If you haven't already heard, Pepsi is pimping a "socially responsible" marketing ploy to help burnish (greenwash) their bloated corporate image. Already thousands of soda heads have fallen for the scam, with hundreds of ideas submitted by "people, businesses and non-profits with ideas that will have a positive impact" to their lame Pepsi Refresh Project.
Sad to say, but this is what happens when stupid people with money try to break into social media and philanthropy. Below, Appetite for Profit author Michele Simon has an excellent article describing Pepsi's latest ploy.
By Michele Simon
As I wrote last month, it can get pretty annoying when your friends harass you to vote for their favorite cause to "win" a grant from the now-ubiquitous Pepsi Refresh Project.
But lately I've been especially disappointed to see so many worthy food causes jumping on this marketing-disguised-as-philanthropy bandwagon. Let's not forget that PepsiCo owns not only Pepsi-Cola and other unhealthy beverage lines such as Gatorade, but is also the king of salty snacks. The company's Frito-Lay division owns Doritos, Cheetos, Tostitos, you get the idea.
And yet without a hint of irony, in this promotional video to get people to submit project ideas to the contest, the Pepsi Refresh Project "Food and Shelter Ambassador" Allison Arieff waxes sentimental about gardening, surrounded by nothing but greenery, not a soda or chip in sight.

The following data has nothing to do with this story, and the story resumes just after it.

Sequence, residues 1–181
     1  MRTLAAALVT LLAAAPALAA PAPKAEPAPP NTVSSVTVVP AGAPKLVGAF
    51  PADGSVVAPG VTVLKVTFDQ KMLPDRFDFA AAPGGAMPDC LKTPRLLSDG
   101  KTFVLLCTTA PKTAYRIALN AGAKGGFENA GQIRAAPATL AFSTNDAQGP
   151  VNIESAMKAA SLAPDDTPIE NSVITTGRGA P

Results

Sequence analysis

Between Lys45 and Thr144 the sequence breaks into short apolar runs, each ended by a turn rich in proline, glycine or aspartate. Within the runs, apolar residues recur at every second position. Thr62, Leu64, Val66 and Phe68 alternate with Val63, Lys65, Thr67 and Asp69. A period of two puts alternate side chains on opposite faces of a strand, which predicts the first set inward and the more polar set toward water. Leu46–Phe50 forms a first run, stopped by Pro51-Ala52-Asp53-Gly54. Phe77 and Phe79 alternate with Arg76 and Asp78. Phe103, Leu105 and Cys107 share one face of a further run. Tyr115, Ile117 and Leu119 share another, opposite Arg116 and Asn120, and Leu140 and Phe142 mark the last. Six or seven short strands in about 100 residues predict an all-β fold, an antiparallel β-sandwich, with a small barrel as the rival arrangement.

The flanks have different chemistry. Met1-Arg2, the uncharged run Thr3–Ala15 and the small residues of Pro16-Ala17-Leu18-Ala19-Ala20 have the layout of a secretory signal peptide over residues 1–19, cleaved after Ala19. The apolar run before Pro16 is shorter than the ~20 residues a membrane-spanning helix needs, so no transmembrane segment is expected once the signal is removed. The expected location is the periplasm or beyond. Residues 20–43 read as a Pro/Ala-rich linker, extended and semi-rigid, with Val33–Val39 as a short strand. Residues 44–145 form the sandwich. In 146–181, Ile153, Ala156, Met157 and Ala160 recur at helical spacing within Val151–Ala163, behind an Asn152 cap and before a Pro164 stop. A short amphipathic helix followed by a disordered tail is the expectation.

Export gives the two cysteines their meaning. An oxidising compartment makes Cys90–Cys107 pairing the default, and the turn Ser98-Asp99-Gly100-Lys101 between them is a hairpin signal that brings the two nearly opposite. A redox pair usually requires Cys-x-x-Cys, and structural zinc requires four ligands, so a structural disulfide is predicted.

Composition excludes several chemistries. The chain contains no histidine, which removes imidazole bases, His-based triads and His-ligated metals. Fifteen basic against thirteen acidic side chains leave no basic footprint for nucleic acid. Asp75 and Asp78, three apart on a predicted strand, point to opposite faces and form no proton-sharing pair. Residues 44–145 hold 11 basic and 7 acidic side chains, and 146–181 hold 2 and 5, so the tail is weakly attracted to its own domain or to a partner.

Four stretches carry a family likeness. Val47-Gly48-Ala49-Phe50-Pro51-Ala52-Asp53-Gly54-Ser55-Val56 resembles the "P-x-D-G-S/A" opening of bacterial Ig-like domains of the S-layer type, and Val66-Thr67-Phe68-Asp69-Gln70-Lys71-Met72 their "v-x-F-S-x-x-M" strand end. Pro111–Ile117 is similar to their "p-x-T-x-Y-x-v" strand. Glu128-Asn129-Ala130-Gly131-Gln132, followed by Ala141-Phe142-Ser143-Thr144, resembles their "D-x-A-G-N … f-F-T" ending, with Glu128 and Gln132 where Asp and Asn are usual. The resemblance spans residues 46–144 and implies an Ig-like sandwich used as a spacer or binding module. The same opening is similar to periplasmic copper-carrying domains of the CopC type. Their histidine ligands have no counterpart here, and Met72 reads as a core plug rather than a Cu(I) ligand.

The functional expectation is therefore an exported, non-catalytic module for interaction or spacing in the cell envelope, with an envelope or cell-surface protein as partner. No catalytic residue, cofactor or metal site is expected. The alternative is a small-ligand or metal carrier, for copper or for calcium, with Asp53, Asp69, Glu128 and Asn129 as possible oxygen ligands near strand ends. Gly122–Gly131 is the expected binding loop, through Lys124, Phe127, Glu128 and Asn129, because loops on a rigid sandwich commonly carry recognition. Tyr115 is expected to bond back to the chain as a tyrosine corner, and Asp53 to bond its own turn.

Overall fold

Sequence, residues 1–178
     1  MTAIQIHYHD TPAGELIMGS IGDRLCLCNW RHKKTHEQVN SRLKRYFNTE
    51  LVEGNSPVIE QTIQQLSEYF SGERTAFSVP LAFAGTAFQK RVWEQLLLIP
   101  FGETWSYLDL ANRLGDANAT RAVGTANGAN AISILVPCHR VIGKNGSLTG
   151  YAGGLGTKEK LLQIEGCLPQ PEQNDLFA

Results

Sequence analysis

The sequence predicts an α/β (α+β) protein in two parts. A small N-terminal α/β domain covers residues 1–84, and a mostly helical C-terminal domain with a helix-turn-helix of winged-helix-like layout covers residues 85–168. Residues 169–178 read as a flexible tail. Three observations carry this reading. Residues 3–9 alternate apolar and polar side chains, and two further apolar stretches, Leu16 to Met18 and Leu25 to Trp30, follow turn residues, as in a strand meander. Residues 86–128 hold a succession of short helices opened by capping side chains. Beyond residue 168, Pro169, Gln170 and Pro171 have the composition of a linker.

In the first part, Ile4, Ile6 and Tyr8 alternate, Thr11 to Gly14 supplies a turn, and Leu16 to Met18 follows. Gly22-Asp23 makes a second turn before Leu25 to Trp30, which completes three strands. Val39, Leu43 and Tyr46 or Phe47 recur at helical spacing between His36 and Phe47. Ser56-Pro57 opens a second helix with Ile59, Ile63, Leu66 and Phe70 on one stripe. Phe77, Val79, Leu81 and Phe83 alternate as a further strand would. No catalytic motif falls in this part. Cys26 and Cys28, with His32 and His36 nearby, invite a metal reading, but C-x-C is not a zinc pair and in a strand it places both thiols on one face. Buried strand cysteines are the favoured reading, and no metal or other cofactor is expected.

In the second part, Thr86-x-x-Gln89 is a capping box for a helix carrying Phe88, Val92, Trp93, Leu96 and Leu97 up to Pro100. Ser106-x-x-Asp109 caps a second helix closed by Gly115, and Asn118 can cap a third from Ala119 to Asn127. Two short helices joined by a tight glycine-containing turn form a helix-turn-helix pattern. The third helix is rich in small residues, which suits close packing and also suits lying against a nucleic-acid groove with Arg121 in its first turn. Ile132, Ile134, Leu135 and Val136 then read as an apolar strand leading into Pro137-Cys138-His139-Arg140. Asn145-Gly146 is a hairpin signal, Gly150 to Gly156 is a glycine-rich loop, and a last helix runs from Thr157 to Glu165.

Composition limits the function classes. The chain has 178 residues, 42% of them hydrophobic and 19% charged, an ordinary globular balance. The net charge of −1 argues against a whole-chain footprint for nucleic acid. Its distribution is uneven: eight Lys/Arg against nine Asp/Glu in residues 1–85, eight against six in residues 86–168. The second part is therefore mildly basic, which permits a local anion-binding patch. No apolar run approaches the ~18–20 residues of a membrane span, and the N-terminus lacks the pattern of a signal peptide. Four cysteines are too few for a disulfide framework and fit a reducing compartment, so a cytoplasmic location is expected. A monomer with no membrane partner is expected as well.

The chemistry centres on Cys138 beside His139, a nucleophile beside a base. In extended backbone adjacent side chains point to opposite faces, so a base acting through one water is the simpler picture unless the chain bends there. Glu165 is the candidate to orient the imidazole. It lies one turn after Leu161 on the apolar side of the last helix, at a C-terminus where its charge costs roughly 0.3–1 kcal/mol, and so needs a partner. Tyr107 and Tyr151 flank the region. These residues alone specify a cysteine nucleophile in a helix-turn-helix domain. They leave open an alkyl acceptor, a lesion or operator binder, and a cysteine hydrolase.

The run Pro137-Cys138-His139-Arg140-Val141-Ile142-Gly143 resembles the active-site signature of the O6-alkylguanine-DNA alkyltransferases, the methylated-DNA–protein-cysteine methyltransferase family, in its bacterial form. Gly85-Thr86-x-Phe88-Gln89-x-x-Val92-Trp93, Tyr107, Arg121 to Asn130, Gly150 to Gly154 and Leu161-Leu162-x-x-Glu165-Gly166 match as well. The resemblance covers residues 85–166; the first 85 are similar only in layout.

Here are just a few projects that have so far been crowned winners of Pepsi Refresh grants: First, there is the Bikeloc project. Pepsi introduces the celebratory video this way:
Robert DuBois and Aaron Zueck are "potlucking across America" in one hundred days, and they're doing it on bicycles. A $5,000 Pepsi Refresh grant put them in the saddle and allowed them to collect multimedia stories of the local food movement from coast to coast.
Just $5,000, was there really no other way of raising that money? Another project also won $5,000, this time for a school garden at an elementary school.
Here's how Pepsi describes it:
Jeanne Acutanza had the idea to build a sustainable garden at her kids' school, where students and locals could plant crops together and donate the harvest to local food banks. She submitted her idea, you voted, and it won a $5,000 Pepsi Refresh Grant.
And in another heartwarming kid project, a farmers market manager in Illinois featured here describes how he won $25,000 to help teach schoolchildren about eating fresh fruits and vegetables, a worthy cause for sure. But what about the mixed messages kids receive from all the promotion with Pepsi logos associated with these two projects?
Now, it's no wonder that in these hard economic times, so many groups would be desperate enough to turn to the nation's largest purveyor of processed food to try and promote the healthy kind. But what these organizations don't realize is that are really doing more to promote the Pepsi brand then they are to advance their own cause. Indeed, they are undermining the very ideals they espouse.
Moreover, these grants give credibility to the notion that we can (and should) rely on Big Food to fix our broken food system. But nothing could be further from the truth. PepsiCo is happy to spend relatively small amounts of money in exchange for getting to hitch its PR wagon to the likes of farmers markets and school gardens.
Meanwhile, the sale of junk food and soda continues unabated.
This story originally appeared on Appetite for Profit.